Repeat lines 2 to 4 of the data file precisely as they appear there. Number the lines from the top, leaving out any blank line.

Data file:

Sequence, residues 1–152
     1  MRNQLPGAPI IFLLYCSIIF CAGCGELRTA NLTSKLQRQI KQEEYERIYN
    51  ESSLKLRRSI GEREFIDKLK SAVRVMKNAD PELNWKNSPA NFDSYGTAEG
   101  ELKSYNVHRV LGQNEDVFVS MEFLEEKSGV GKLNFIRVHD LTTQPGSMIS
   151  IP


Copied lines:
     1  MRNQLPGAPI IFLLYCSIIF CAGCGELRTA NLTSKLQRQI KQEEYERIYN
    51  ESSLKLRRSI GEREFIDKLK SAVRVMKNAD PELNWKNSPA NFDSYGTAEG
   101  ELKSYNVHRV LGQNEDVFVS MEFLEEKSGV GKLNFIRVHD LTTQPGSMIS